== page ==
• Sandfly aka traveller in time

    She really liked rosettes on her shoes didn’t she! : ) I often find it’s little things like that that I relate to most. It makes her more real to me. And shoes are such a personal item for some reason. Even more than dresses to me and I LOVE the dresses.

    • Madame Guillotine Post author

      Oh I totally know what you mean – I look for the little details too, because they are the things that are the personal touches and bring them closer to us. :)

      I do love the shoes too. :)

  • Aron

    Actually, Valerie, at least one of Marie Antoinette’s gowns did survive, albeit in a slightly altered form. I am not sure just where it is now, probably the Louvre, but for several months last year it was on display at the ROM (The Royal Ontario Museum) in Toronto. There is also a video of it online somewhere–probably you-tube–where the curators discuss preservation and display, the article’s history and the like. I beg pardon for any omission or misspellings; I am having some difficulty in seeing just what I am typing on this screen.
    The Romanov gowns are remarkable and so very very sad at the same time.
    ~Aron <

    • Madame Guillotine Post author

      Thank you! :)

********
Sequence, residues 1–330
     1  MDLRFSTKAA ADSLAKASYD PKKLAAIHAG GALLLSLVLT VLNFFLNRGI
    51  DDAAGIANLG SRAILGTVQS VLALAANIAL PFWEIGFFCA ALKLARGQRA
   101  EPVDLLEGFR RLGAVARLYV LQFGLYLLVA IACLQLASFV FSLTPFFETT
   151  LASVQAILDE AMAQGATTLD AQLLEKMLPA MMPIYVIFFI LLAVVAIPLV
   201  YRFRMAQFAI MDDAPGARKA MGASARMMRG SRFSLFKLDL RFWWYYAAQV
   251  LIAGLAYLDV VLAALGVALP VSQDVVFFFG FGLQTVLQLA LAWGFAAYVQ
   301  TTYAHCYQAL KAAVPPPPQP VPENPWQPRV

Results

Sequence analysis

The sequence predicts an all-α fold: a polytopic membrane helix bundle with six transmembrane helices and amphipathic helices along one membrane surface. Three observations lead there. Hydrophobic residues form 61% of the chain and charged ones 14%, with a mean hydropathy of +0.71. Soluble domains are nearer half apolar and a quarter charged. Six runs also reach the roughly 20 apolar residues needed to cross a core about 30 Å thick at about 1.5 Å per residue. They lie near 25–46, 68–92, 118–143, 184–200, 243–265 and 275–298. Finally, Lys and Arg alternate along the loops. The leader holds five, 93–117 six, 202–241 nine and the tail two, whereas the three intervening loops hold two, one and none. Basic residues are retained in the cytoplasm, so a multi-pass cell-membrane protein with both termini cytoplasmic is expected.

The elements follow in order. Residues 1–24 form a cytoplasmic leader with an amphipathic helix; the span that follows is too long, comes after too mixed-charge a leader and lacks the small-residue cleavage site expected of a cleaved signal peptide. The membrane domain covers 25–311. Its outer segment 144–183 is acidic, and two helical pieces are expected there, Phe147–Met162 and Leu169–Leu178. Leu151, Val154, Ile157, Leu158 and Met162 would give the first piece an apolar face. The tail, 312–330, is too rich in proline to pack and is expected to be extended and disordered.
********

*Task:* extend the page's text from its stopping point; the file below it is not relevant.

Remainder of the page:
Yes, the dress that is said to have belonged to Marie Antoinette is kept at the Royal Ontario Museum – it’s been much altered but you can still see just how gorgeous it must have been once. :)

  • B

    Probably not historically accurate but for magnificent interpretations of the last two Russian Empresses’ couture dresses, watch the film “Nicholas and Alexander” and the costumes by Antonio Castillo…they are incredible and won a most deserved best costume Oscar.

  • Robin

    As exquisite as the gowns are, it’s even more fanciful to think about actually wearing one!

    How sinful would that be?!!!

    Imagine the party, the music, the people! And then, how gracefully you’d have to move about, and how royally you’d be treated. Aaaah…now that’s a dream!

  • Margaret

    Yummy ! Just lovely lovely. Really puts the fashion designers of today to task! My Grandmother was born in St. Petersburg in 1899. Her family was said to have been part of the Romanov’s inner circle. However much of her history has been lost to fear of speaking of the past for being found out. She was sent to the US for her safety at the age of 10. Looking at the sumptuous dresses here makes me wonder if she ever saw this kind of splendor. Thanks for making it available to see.

    • steve

      The photo of the pink gown on the stairs, along with the coronation gowns, show what was the “court style” of dress for women — it was decreed by Nicholas’ grandfather (I think) and was the required, by law, attire for women on court occasions or “on duty” in the palace. Usually a waist-nipping coat type of thing that opened in the front to reveal an underskirt (another bedazzling item) and had those slit sleeves like elongated petals. Reputedly very expensive; if you were some second-string lady in waiting you bought yours used and had it altered to fit. No matter the styles of the time — bustles, hobbleskirts, etc., the court gown remained the same.

  • Terri

    I have seen several of these dresses in person. The dresses themselves are glorious, however the shoes are nowhere near as attractive as they are in the photos.